Bobby’s expression changed. The last time he was in a hospital, he’d passed through coma, after being dead and resuscitated during that ER surgery. He sighed, shifting uncomfortably in the patient’s chair. “We’re all on a death roll, Comrade. People are mortal. Life is the very thing that kills us, isn’t that a paradox?”

“Is thy you became an artist?” the old man inquired.

“That and the fact that no one bothers we’re all going to die, sooner or later. It’s… stupid. People think life is precious only if they have to fight a Nazi aggressor, or something. But after that… they forget it, as if they’d won a victory over death itself. How does one accept for ‘normal’ losing parents, wife, children? Where is the great glory in being a king, for example, and end up with the peasants in the same old dirt, eaten by worms? We all turn into soil and then the future generations literally eat us—in the fruits of the earth. That’s quite alarming, to say the least.”

The professor clicked with his pen, getting a bit nervous, then shoved it into his lab coat’s pocket and leaned back in his squeaky leather chair. “Son, how do you think we can fix this… problem humanity is facing? You must have a rational idea, don’t you?”

“Art won’t help us,” said Bobby, feeling like a fish in its own waters—now that the discussion turned the way he wanted it. “We need science. And not just science, but one that can create miracles of transplanting organs every time a body part fails. Or better yet, force our DNA to grow everything we need—from lost teeth to lungs and hearts, and maybe one day even brains—”

“Wow, slow down, sonny,” the psychiatrist spoke moderately. “What if nothing of this ever happens, huh? What then?”

“It’s worth dying for,” said the 16-year old. “I don’t want to perish just because I’ll grow old—that’s a total waste of knowledge we gain. Why should I, if our physiology is practically begging us to fight death on all fronts? Life’s waiting for us to harvest all nature-given possibilities, even enhance ourselves, just as we cultivate trees or genetically engineer garlic that doesn’t smell.”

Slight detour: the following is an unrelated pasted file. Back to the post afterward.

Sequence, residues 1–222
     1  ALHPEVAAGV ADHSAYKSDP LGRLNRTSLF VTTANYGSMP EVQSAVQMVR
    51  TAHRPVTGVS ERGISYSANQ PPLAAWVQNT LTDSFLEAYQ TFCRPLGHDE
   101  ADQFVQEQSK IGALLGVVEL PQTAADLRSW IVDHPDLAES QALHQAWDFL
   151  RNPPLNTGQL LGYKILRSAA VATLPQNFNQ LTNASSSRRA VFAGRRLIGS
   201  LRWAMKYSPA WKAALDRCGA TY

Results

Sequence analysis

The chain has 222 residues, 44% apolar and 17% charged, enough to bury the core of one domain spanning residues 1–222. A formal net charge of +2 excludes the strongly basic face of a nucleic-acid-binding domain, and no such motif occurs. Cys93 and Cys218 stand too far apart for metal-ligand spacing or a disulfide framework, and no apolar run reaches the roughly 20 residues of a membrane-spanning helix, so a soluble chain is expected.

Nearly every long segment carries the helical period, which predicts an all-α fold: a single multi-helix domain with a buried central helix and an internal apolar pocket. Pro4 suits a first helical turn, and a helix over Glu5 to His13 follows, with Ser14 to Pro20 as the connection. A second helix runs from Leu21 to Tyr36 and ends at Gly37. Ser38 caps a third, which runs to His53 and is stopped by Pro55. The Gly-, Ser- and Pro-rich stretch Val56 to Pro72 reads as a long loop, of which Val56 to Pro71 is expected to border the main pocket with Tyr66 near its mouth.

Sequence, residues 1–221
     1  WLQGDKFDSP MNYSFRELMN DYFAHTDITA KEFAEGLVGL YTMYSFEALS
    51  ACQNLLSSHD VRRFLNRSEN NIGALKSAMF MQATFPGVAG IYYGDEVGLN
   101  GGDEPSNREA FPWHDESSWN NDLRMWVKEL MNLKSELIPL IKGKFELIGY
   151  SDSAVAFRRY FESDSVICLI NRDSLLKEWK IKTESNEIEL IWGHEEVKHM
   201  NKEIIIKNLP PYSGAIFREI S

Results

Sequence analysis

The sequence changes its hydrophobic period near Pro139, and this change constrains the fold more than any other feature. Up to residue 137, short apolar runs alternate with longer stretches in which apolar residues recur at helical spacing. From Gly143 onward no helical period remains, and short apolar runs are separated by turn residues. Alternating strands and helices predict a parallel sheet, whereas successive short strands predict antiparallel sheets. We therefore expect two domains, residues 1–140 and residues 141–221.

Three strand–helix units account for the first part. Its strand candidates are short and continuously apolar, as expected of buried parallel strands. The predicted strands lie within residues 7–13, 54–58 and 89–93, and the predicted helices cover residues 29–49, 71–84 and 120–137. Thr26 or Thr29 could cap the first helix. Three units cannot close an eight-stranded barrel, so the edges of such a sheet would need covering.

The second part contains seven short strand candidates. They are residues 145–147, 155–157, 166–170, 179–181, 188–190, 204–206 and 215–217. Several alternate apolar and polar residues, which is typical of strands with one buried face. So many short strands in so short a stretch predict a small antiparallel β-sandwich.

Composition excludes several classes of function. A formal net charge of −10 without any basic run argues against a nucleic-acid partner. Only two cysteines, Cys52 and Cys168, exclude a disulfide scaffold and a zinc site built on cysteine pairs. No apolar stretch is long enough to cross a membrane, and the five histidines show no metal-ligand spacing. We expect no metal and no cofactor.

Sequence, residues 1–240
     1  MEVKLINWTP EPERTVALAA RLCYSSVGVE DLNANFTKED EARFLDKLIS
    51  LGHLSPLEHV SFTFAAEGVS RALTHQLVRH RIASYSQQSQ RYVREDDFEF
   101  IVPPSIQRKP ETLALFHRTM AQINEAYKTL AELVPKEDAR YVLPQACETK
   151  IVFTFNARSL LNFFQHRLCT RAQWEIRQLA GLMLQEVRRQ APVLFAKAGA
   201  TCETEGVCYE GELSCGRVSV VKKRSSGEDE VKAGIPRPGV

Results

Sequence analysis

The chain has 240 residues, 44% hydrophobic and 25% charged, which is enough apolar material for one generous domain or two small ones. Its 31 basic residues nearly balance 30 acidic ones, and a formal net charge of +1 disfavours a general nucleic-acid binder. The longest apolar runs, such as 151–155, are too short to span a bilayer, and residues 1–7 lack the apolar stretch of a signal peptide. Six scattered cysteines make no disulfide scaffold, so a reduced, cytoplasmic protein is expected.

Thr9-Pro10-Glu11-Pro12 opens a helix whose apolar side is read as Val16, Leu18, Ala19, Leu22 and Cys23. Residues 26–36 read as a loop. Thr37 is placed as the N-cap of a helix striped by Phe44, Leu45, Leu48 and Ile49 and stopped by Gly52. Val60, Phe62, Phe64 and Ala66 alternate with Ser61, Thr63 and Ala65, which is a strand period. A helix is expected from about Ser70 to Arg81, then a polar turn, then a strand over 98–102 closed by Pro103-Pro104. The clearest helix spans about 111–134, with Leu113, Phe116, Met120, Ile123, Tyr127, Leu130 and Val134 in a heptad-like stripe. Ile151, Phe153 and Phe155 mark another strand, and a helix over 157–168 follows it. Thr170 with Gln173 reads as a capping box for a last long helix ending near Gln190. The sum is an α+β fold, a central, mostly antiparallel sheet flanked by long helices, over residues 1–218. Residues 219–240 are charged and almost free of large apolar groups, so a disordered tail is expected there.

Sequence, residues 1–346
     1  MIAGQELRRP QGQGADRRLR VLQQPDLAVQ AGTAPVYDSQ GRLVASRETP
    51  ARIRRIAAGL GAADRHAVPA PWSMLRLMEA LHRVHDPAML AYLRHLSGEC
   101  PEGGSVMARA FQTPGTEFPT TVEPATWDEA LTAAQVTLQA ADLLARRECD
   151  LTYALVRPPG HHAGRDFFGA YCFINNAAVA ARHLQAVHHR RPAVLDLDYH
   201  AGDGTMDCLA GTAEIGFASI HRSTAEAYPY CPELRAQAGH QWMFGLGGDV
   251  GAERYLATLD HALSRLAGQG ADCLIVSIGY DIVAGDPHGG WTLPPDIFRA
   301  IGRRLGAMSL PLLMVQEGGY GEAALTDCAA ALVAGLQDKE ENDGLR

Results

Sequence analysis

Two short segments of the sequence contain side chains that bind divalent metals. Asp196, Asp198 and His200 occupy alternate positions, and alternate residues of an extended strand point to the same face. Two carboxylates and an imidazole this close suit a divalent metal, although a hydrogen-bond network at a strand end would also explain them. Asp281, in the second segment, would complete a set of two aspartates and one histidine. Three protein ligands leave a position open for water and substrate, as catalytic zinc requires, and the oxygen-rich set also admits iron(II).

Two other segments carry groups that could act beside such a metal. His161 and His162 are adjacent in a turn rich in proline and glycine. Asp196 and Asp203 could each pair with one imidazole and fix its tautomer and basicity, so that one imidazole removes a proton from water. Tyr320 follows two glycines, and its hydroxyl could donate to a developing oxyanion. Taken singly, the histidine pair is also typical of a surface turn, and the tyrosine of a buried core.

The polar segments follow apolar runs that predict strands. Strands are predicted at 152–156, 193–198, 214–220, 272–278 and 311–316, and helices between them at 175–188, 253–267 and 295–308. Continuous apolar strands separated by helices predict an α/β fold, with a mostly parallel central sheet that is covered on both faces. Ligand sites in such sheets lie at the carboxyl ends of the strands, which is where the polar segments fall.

“What about overpopulation?” the old man inquired. “Where would all these people live? Or better yet, what about feeding and clothing them all? What about energy problems, when all the coal and petrol finally end up on our planet? What then, young man?”

“Develop chemical fuel,” the boy said firmly. “Besides science and medicine, we also need immediate space exploration. We can build orbital cities floating in zero gravity and move our factories there, freeing Earth from deadly pollution and nuclear radiation of power plants. People can work and live there for a month, then come back home with a space-bus and have a nice picnic in the clean forest, or go for a swim in the real sea. We can colonize the Moon, build launch facilities there, which don’t require so much fuel to overcome Earth’s gravitational pull. Then we can go for Mars and other solid planets or asteroids, or even build artificial planetoids in our own orbit. Eventually, humanity will achieve interstellar travel and undertake mining activities all over the galaxy. Who or what can stop us, Comrade Professor? Huh?”

The old man frowned, muttering, “Eh, money and politics.”

Bobby squinted at him. “What?”